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Planets in Astrology, Chapter 7. Saturn, the Gatekeeper

saturn
Vintage illustration of Saturn as seen from an asteroid, taken from the first issue of The National Geographic ever, July 1939. Author unknown.

With Saturn, we enter the sphere of transpersonal planets, symbolizing all those energies that transcend the Ego. As a celestial body, Saturn is the sixth planet from the Sun, and the farthest one from Earth still visible to the naked eye. Classified as a “gas giant”, and with a magnetic field about 578 times more powerful than Earth’s, Saturn is made visually unique by its most outstanding feature: Saturn’s rings. Its distinctive ring system, made up of particles of ice and rock, symbolize its metaphysical status as principle of restriction, and structure.
Saturn is named after the Roman God Saturnus, which, as it’s the case with the other planets we examined, is a syncretism of ancient Roman and Greek characteristics. Since the name adoption is influenced by the fact that Greek culture long preceded Roman domination, we will therefore start by outlining the traits of the Greek Kronos.  Mythologically speaking, Kronos was the leader, and the youngest, of the first generation of Titans. These figures, the titans, were divine beings of legendary strength composing the first pantheon of Greek deities, and lacked a distinct personality in Greek narrations, as opposed to the way gods like Ares/Mars and Aphrodite/Venus are depicted, with their passions, pulses and adventures. It makes sense, therefore, that an impersonal character of mythology, is invested with the Astrological significance of a planet/principle which transcends the range of human comprehension, symbolizing a force that can be felt as though imposed from outer sources.
Kronos was the son of Uranus, deity of the sky, and Gaea, the Earth, and, on his mother’s advice, he castrated his father with a harpē, a sort of sword with a sickle-like protrusion, casting his testicles into the sea. This caused the separation of the Earth from Sky, and Kronos’ overthrowing of his father as leader of the Titans. Kronos then begun eating his offspring soon after being born, to prevent himself from being dethroned, until his wife tricked him into swallowing a stone when his son Zeus was born.  These myths showcase the most common expressions of Saturnine energy in action: testing, limitation, and deprivation.
Kronos was later identified with the Roman God Saturnus. Romans took a more innocuous view of the deity,  in the adaptation of myths from the Greek literature, attributing him mastership over agriculture but also order, eventually becoming associated with time.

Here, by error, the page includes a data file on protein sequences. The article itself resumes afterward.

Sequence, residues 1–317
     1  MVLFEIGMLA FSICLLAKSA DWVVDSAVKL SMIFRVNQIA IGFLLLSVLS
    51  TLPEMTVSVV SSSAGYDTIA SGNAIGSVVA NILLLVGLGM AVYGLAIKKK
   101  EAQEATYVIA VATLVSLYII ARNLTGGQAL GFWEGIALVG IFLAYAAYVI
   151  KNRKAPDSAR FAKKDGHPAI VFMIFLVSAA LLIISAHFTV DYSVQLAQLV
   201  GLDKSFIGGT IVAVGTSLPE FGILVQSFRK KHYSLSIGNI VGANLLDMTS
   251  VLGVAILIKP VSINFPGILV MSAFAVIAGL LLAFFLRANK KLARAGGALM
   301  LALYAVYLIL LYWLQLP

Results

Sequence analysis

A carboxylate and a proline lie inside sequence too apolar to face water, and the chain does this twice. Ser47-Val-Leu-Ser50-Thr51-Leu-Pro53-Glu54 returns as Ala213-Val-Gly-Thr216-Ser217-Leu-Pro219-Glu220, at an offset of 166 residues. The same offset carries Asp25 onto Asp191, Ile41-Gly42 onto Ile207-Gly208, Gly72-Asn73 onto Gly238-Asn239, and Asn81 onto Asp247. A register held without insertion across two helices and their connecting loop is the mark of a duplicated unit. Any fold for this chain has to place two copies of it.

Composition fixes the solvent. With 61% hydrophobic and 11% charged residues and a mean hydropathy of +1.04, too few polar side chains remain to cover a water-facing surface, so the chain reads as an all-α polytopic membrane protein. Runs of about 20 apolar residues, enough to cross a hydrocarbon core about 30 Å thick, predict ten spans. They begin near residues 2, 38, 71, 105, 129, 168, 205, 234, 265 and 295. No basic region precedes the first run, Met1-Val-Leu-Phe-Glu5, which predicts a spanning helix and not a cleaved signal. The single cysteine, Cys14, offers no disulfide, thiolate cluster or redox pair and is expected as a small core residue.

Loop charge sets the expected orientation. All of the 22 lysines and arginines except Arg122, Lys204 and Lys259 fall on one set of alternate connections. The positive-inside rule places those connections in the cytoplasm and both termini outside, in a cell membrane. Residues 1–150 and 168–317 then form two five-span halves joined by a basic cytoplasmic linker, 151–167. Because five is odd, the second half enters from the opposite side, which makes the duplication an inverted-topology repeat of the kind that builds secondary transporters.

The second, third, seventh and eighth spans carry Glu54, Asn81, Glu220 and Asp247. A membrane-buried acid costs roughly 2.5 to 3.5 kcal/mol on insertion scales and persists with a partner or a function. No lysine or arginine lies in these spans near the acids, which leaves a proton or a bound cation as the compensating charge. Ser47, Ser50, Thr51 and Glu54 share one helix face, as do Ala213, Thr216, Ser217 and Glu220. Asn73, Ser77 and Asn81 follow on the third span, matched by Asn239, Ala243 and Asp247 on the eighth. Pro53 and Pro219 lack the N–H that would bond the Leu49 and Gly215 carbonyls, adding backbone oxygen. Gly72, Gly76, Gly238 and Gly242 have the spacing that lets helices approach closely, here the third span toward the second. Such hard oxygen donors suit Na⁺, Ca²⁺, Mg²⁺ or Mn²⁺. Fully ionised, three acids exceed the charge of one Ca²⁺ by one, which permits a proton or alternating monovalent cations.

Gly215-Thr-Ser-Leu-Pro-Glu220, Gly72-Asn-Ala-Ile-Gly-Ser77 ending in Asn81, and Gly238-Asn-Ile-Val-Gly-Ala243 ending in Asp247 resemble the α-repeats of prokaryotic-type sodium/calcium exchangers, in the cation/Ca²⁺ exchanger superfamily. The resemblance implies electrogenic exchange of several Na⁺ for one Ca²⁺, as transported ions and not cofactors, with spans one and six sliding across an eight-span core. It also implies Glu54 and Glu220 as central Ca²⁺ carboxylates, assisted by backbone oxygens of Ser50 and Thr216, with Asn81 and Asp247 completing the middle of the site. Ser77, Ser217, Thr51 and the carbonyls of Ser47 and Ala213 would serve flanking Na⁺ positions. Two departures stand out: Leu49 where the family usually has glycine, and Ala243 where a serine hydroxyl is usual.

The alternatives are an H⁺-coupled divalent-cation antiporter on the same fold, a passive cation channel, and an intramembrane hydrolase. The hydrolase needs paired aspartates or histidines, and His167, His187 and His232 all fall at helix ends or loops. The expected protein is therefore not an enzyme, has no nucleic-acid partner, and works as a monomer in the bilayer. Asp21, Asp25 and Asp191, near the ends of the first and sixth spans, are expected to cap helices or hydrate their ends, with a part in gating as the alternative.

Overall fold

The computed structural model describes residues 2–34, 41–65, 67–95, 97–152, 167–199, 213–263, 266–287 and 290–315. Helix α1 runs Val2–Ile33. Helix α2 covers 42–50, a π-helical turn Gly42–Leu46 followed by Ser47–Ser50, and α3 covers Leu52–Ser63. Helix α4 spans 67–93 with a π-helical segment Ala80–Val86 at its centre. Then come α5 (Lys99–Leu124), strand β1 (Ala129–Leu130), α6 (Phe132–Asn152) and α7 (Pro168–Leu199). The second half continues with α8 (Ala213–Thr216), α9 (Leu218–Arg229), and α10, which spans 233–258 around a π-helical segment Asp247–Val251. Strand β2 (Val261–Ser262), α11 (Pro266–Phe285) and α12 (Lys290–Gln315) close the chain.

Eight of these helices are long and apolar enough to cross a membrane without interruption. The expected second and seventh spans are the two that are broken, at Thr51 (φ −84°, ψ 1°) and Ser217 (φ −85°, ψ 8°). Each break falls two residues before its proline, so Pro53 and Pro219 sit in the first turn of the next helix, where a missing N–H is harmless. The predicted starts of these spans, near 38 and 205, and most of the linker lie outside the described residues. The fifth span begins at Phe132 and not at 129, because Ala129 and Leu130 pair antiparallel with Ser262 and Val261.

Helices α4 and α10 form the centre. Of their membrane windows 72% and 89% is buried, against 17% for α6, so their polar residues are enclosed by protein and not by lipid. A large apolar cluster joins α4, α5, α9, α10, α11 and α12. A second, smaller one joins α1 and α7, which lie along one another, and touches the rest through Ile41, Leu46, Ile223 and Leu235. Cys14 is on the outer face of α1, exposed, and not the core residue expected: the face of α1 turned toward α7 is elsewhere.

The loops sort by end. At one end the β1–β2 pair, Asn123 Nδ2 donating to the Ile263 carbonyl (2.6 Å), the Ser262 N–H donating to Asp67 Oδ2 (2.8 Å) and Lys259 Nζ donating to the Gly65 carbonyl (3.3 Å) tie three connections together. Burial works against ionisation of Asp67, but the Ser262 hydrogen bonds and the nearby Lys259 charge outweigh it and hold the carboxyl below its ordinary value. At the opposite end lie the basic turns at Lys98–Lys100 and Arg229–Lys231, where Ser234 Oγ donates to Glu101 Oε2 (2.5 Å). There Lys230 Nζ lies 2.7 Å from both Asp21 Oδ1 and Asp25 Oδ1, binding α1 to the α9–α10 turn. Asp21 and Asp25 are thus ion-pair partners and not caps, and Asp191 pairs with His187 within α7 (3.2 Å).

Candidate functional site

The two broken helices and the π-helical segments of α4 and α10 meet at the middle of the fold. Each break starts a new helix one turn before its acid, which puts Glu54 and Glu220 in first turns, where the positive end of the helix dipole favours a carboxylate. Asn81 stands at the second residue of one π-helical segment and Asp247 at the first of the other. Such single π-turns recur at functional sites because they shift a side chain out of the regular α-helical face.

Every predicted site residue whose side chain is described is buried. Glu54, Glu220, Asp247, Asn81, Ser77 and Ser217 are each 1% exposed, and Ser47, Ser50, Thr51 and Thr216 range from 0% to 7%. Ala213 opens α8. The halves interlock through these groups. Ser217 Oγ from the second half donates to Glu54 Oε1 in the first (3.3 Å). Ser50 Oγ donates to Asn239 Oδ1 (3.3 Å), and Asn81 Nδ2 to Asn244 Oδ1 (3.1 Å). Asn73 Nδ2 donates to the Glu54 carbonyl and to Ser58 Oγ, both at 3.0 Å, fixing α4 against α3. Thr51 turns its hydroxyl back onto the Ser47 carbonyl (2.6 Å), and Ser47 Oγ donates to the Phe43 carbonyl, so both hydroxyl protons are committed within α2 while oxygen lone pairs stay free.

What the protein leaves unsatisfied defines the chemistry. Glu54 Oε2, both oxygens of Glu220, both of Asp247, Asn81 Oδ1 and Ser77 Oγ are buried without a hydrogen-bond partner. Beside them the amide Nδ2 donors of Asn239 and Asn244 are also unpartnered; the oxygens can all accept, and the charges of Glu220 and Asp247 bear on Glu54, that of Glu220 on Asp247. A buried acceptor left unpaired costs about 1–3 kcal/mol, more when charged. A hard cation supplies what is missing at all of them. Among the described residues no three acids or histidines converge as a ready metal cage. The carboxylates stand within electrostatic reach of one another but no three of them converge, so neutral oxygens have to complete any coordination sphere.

Saturn, as astrological principle, does lord over time and order: its essence is cold and dry, its expression is concrete, pragmatic, and reality-based. Delays and setbacks are commonly associated with this tireless Zodiac taskmaster, a cosmic authority whose purpose is to help us awakening the authority figure within us. Saturn commands us to get to work and act with rectitude and sense of morals. Saturn represents the possibility of learning through experience, unlike Jupiter, whose wisdom is primarily assimilated on an intellectual level. Its power is that of triggering the necessary pressure that allows us to focus on our goal, to measure up with a standard of excellence, to “do the right thing”, to grow up and attain maturation and adulthood.
Saturn teaches us about responsibility, commitment, and boundaries. Its action is that of testing our patience and desire, to grant us the necessary perseverance through trials. With its sickle, Saturn castrates all that is superfluous, puerile, allowing us to become dependable and confident. Self-discipline is a strong theme with this planet, as there is also a marked parental signification attached to its overall meaning.
Dubbed as the “Great Malefic” in traditional texts, Saturn is often seen as a punishing father of sorts, a sinister, malevolent influence, but its role is no less necessary than that of beneficial planets like Jupiter and Venus. Saturn balances out the flourishing of Life, the mutability of existence, with its grounding action: as Father Time, he delays, but doesn’t deny. He rewards hard work and sense of duty, and, by bringing temporary restraint, he allows us to consolidate our position, our achievements. He challenges us to stand alone, to make the most of our resources, to plod through hardships and endure our struggles on the way to self-confidence; ultimately, Saturn fortifies us, bestowing his very same strength and endurance upon us.
Saturn is the ruler of Capricorn, and, before the discovery of Uranus, was also regarded as the ruling planet of Aquarius. Many astrologers still contemplate the dual rulership of this planet over both signs.

Comments (1)

  • Very interesting and well explained, especially using the term Indo-European, and linking it to mythological figures. Will read the whole website in the near future. I wonder though how can we apply mythological figures to present-day reality? Astrology? Also, I believe, through personal experiences, that the gods are really alive in other spheres. Thank you for your well-learned website.

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